christmas is why i send my kids to a jewish school

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2 responses to “christmas is why i send my kids to a jewish school

  1. Philippa

    This post made me think a lot about the perceptions of ‘holidays’ that one experiences as an incomer. Most schools in Australia (including the local state primary that my two attend) are secular and there are no nativity plays or, as far as I can deduce, any mention of the ‘real’ Christmas story at school. I feel a little cheated by that, as the ritual subversion that occurs in many UK schools (as enacted in the film Love Actually) is to me part of the general British theatrical hilarity that comes from extrapolating many parts from a story with maybe a dozen actual roles or so… I was quite looking forward to the kids ending up as ‘third octopus’ or ‘rear end of sheep’ or something. I’m not sure what it says about my Christian upbringing that I don’t immediately and instinctively associate nativity plays with religion!

    Having lived in Glasgow myself in the past, I am of course aware that religion holds more intensity in that city than in many places elsewhere, and often not in a good way. Conversely, I haven’t struggled at all with the prevalence of secularism in the school system here generally, but instead, getting my head around the idea of Christmas taking place in 30-40 degree heat and coming at the end of the school year, and at the beginning of the long summer holiday, has been a stretch. Christmas – whether you subscribe to its spiritual significance or not – feels extremely odd when it’s not in winter. And that’s such a big part of Christmas for many non-Christians in the northern hemisphere, not so much the materialistic consumer orgy (though that is undeniably a core feature), but the relief and demarcation offered by a midwinter festival of light that many religions celebrate one way or another (pine trees are pagan in origin aren’t they?) Fortunately winter in June/July is no real hardship at this latitude, but I wonder if it would become horribly tedious here if the climate and hours of daylight were more Glaswegian? Probably. The midwinter need to celebrate light and new life, in some fashion – well, there’s a lot in that. I guess for you, Hanukkah fits here?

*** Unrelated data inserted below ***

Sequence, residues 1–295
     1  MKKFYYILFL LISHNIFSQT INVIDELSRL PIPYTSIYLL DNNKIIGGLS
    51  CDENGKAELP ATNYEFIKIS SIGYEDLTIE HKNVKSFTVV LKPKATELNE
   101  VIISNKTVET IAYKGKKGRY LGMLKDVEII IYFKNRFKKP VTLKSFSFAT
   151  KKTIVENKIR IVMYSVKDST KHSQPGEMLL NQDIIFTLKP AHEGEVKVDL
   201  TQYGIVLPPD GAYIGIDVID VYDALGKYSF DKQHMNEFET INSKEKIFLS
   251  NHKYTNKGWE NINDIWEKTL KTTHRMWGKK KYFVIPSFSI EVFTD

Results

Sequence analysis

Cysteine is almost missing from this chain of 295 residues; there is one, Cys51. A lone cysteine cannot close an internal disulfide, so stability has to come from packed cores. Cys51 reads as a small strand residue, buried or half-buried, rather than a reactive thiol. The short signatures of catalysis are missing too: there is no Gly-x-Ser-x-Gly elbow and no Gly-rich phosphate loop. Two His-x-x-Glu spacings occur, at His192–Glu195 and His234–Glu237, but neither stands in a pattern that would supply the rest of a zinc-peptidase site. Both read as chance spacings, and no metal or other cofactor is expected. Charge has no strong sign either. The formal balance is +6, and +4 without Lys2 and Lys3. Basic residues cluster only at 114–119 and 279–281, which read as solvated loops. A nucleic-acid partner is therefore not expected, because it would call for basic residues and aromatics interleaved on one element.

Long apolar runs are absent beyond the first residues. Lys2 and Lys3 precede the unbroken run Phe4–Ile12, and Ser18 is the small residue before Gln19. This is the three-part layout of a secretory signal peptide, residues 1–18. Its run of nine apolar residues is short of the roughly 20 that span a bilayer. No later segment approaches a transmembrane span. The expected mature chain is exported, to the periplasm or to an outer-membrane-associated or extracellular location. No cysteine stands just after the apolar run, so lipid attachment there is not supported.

I’ve come to terms with the Ozzie way now, as we’ve had enough time to build up our own traditions (camel riding on Christmas eve, Christmas morning on the beach, etc.). But I am intrigued by your religious evolution and why you have felt the need to assert this aspect of your identity by sending your children to a Jewish school when (you imply) that you do not believe in God. Would you have been content to leave them in the local school if it had been entirely secular in nature? Just wondering…

  2. hot christmases must feel strange! and point taken that the holiday is about different things to different people. the best i can to do explain why i send my kids to a jewish school when i don’t believe in god is to invoke an idiosyncratic feature of judaism, which i think makes it unique amongst the other major world religions. and that is the idea of being culturally jewish but not religiously so (i’ve never heard anyone describe themselves as a ‘cultural christian’). this paradox was summed up brilliantly as being ‘jew-ish’ but not ‘jewish’ (http://www.guardian.co.uk/world/2009/nov/30/jewish-judaism-jonathan-margolis). there is so much about the school’s curriculum that i embrace – the holidays observed, the culture imparted, the hebrew language lessons learned (and french too!) – that is distinct from the praying bit. my feeling on that score was that the kids were going to get god wherever they went to school and i was more comfortable, because of my upbringing, going with the devil i knew, pun intended ;). i am thinking hard about whether this choice was, as you describe it, a way to ‘assert’ my identity. maybe it was. my relationship with judaism, i realized as i wrote this piece, has become more complicated than i thought. as for whether i would have been happy sending them to the local primary had it been entirely secular, the honest answer to that is i just don’t know. i could only make the decision based on the available options, but no, it wasn’t solely to avoid the nativity play (as i point out in the first paragraph).

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